Automating frequent tasks

Readability analysis

Four different readability statistics are calculated within analyze. Readability statistics assess variables including the average number of words per sentence, average length of sentences, number of syllables per word, and so on, to derive a formulaic estimate of the ``readability'' of the text. They do not take into account less quantifiable elements such as semantic content, grammatical correctness, or meaning. Thus, there is no guarantee that a text that a readability test identifies as easy to understand actually is readable. However, in practice it has been found that real documents that the tests identify as ``easy to read'' are likely to be easier to comprehend at a structural level.

The four test formulae used in the analyze function are as follows:

Automated Readability Index
The Automated Readability Index (ARI) is based on text from grades 0 to 7, and intended for easy automation. ARI tends to produce scores that are higher than Kincaid and Coleman-Liau, but are lower than Flesch.

Kincaid formula
The Kincaid formula is based on navy training manuals ranging from 5.5 to 16.3 in grade level. The score reported by the formula tends to be in the mid-range of the four formulae. Because it is based on adult training manuals rather than schoolbook text, this formula is most applicable to technical documents.

Coleman-Liau Formula
The Coleman-Liau formula is based on text ranging from .4 to 16.3. This formula usually yields the lowest grade when applied to technical documents.

Flesch Reading Ease Score
The Flesch formula is based on grade school text covering grades 3 to 12. The difficulty score is reported in the range 0 (very difficult) to 100 (very easy).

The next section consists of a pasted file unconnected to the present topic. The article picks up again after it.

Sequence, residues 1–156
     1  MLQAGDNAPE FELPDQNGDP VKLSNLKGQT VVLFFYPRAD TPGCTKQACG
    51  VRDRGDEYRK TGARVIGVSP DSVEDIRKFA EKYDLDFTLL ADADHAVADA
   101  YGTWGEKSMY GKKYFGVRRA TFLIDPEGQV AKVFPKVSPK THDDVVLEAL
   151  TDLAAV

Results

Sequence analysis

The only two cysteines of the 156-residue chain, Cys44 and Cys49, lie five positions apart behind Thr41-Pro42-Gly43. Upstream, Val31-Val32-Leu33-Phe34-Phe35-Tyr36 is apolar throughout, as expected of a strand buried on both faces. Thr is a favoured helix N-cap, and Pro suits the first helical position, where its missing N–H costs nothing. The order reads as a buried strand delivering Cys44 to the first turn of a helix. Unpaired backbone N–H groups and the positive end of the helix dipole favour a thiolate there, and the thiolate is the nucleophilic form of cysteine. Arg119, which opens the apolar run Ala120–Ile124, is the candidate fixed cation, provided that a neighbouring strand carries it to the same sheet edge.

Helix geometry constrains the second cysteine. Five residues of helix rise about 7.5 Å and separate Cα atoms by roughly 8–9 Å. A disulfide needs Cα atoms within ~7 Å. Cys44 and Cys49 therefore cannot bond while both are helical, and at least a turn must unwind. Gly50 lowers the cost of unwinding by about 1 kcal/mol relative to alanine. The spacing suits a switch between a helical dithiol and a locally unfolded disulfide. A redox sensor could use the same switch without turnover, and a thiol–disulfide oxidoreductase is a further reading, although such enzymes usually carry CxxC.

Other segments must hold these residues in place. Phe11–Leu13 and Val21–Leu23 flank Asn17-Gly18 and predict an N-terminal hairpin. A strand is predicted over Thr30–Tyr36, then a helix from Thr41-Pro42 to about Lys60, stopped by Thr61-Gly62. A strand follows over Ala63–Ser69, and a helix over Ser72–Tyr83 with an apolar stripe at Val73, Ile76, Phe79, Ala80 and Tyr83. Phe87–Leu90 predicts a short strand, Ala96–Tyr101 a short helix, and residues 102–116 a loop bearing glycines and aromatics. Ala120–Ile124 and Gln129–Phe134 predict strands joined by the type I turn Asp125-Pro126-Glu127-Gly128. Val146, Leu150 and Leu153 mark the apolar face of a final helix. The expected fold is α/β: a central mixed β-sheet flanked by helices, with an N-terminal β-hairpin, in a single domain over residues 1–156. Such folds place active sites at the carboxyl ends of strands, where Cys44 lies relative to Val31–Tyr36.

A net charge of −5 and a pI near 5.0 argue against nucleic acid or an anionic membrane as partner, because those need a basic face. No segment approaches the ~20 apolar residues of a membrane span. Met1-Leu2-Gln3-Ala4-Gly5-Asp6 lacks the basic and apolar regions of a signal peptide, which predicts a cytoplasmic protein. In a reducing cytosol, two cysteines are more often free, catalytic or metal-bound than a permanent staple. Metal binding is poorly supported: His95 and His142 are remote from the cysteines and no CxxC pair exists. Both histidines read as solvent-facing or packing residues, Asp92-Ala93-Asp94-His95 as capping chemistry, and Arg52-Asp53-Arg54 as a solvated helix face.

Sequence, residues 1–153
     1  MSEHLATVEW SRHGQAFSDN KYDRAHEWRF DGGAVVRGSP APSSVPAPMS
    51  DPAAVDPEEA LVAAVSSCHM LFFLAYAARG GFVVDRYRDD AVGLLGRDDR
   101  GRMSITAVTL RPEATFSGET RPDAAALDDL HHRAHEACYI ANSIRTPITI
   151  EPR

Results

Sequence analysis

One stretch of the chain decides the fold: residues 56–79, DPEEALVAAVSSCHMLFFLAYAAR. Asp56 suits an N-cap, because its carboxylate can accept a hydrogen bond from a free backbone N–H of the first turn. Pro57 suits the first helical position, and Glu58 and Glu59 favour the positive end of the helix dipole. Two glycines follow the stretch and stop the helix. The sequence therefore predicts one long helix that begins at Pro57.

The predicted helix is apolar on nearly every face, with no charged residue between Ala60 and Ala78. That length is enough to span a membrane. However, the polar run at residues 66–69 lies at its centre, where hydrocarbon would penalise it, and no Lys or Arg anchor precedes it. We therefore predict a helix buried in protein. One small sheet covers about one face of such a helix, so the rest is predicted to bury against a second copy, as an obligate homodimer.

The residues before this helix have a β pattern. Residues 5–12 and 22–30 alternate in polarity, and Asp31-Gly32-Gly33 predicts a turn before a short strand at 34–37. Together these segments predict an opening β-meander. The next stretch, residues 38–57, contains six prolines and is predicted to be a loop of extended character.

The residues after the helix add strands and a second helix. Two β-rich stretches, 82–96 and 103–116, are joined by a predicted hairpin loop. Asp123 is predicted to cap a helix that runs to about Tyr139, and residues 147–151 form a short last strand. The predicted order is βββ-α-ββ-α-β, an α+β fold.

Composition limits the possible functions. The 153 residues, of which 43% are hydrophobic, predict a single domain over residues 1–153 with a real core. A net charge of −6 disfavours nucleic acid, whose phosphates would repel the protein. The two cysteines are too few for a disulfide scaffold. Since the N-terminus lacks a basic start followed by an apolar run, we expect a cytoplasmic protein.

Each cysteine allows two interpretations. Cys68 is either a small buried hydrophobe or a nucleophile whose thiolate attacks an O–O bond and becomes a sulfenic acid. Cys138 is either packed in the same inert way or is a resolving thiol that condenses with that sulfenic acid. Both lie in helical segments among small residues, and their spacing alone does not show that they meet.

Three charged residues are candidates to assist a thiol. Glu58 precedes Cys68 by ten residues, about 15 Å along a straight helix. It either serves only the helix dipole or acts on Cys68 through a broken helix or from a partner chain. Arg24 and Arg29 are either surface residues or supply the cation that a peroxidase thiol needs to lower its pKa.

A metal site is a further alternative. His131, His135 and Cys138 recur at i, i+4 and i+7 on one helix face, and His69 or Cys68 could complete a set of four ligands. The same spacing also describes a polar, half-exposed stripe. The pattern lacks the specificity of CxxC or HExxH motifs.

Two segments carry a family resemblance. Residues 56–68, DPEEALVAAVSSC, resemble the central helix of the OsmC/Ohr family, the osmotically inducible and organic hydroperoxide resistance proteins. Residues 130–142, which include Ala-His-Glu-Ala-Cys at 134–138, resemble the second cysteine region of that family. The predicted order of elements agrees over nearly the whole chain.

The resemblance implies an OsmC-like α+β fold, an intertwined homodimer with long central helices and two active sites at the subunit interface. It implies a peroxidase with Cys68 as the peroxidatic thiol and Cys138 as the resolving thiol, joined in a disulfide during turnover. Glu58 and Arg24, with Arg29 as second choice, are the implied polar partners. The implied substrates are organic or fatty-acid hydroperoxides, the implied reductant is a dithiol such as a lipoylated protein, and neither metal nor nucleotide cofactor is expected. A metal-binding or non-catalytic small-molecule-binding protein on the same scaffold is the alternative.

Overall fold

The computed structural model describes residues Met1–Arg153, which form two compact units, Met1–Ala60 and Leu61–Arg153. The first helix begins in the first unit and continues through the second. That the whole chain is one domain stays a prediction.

To calculate these metrics, analyze first counts the number of words, lines and sentences in the target file, generating output like the following:
   File rap-bat.wc contains:
           243             words
           95              lines
           1768            characters
Sentences are counted using a custom awk script, explained in ``Spanning multiple lines''. Then the number of letters is established (by subtracting the white space from the file and counting the number of characters), and the number of syllables is estimated using another awk script. Finally, these values are fed into four calculations that make use of bc, the SCO OpenServer binary calculator.

bc is a simple programming language for calculations; it recognizes a syntax similar to C or awk, and can use variables and functions. It is fully described in bc(C), and is used here because unlike the shell's eval command, it can handle floating point arithmetic (that is, numbers with a decimal point are not truncated). Because bc is interactive and reads commands from its standard input, the basic readability variables are substituted into a here-document which is fed to bc, and the output is captured in another environment variable. For example:

   233 :	Flesch=`bc << %%
   234 :	w = ($wordcount / $sentences)
   235 :	s = ($sylcount / $wordcount)
   236 :	206.835 - 84.6 * s - 1.015 * w
   237 :	%%
   238 :   `
analyze also prints the output from the tests, as follows:
   ARI = -10.43
   Kincaid= -7.01
   Coleman-Liau = -17.00
   Flesch Reading Ease = 184.505
Depending on the setting of $LOG (the variable that controls file logging) the output is printed to the terminal, or printed to the terminal and a logfile (the name of which is set by the variable $LOGFILE.)
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SCO OpenServer Release 5.0.7 -- 11 February 2003